Wednesday, June 18, 2008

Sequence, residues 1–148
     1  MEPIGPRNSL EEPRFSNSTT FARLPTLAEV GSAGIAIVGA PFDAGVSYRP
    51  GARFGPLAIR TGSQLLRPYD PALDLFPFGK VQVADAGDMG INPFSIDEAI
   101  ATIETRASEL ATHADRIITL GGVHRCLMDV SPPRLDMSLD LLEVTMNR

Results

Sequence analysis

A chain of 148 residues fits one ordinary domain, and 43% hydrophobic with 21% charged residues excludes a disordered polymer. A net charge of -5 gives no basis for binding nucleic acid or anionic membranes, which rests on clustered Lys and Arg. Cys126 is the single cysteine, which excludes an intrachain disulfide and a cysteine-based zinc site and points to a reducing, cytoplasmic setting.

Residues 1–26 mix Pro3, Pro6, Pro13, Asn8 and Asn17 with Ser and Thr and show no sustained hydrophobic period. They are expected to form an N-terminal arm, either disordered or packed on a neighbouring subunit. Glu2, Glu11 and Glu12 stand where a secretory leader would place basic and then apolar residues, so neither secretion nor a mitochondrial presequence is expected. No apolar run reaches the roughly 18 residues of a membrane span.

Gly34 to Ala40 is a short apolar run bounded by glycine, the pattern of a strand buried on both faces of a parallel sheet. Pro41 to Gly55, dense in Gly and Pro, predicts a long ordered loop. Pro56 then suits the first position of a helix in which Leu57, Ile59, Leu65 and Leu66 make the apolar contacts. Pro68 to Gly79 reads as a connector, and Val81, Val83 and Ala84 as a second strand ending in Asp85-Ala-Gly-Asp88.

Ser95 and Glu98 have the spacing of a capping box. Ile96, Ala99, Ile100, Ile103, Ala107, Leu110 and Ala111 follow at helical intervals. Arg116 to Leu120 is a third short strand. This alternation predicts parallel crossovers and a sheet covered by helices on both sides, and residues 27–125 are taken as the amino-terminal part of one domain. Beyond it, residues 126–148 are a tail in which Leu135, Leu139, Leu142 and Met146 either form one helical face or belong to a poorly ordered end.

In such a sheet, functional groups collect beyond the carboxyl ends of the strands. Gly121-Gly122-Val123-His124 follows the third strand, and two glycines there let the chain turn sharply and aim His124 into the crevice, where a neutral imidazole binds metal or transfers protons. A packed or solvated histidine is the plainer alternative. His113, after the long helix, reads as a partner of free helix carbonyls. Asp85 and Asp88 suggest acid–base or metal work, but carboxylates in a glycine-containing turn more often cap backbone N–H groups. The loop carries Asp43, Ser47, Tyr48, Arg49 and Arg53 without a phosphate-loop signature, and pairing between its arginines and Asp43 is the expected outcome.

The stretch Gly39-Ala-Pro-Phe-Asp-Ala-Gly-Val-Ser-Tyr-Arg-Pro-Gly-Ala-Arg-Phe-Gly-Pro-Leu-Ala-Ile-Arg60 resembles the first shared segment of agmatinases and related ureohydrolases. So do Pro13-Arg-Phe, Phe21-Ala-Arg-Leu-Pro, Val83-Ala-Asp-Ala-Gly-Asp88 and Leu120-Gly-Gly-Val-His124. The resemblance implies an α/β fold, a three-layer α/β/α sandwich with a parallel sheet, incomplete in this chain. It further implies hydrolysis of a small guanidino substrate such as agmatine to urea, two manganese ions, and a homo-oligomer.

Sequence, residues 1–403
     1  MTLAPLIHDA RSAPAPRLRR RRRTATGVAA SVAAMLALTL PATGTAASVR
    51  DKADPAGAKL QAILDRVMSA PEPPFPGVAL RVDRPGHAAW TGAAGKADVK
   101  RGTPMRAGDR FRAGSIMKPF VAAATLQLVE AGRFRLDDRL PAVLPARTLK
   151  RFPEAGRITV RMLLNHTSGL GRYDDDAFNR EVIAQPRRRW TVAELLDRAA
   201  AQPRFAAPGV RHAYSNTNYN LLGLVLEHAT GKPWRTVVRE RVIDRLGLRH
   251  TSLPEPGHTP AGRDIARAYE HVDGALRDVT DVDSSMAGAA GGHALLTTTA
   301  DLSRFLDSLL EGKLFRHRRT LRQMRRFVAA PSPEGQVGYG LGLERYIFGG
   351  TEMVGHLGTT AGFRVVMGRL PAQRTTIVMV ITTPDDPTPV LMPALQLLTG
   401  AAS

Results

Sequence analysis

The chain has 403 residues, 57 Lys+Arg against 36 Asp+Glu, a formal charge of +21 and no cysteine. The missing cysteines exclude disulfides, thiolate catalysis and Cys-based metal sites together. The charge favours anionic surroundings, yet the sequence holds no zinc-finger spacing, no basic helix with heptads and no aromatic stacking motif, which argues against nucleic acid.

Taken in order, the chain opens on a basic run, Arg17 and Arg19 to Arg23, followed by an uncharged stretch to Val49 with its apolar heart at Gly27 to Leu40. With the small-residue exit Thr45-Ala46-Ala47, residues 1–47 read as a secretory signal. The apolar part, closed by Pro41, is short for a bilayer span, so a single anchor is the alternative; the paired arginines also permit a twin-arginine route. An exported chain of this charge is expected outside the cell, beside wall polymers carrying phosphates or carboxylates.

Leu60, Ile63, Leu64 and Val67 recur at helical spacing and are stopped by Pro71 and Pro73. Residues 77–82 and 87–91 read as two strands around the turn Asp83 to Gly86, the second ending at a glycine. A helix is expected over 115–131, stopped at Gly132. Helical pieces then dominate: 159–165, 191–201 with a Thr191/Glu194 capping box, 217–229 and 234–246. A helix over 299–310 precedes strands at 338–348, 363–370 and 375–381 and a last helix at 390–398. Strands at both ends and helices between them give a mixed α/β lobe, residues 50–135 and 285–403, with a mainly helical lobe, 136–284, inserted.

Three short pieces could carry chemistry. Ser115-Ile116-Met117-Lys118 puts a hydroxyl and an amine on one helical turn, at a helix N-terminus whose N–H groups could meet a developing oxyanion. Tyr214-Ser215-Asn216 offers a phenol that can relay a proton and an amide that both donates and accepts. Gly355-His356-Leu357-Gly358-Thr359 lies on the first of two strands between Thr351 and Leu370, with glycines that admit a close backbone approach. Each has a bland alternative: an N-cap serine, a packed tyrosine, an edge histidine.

The first millennium a.d. over, the developed Europeanworld set off for pastures new and embarked on amassive new program of exploration and expansion. Explorerstraveled far beyond the previously observed boundariesof Eastern Europe, and discovered new Easterncivilizations that not only had money but, in addition, weremore than willing to trade. After several centuries, however,things started to turn sour and several of these Easternnations grew discontented as they felt that their Westerntrade partners were taking advantage of them.So the leaders of India took the initiative and set intomotion a plan intended to all but annihilate the Europeannations. This became the first known case of biologicalwarfare. Rats infected with a local plague were put on theships of the European traders. The rats would then dispersethrough the port cities of the Mediterranean and as the Europeanswould have no tolerance at all to the disease thiswould wreak complete havoc. Once this had happened, theIndians would march an army to Europe, knowing thatthe time required to march the distance would allow theplague to spread throughout Europe destroying huge numbers of the population. Once Europe was weakened bythe plague, they could easily dominate and add vast newterritories to their kingdom.This plan only worked on one level. The Black Death,as it came to be called, certainly devastated entire nationsas millions succumbed to the plague. But the Indians couldnot organize the army required to take Europe and thustheir empire never spread.

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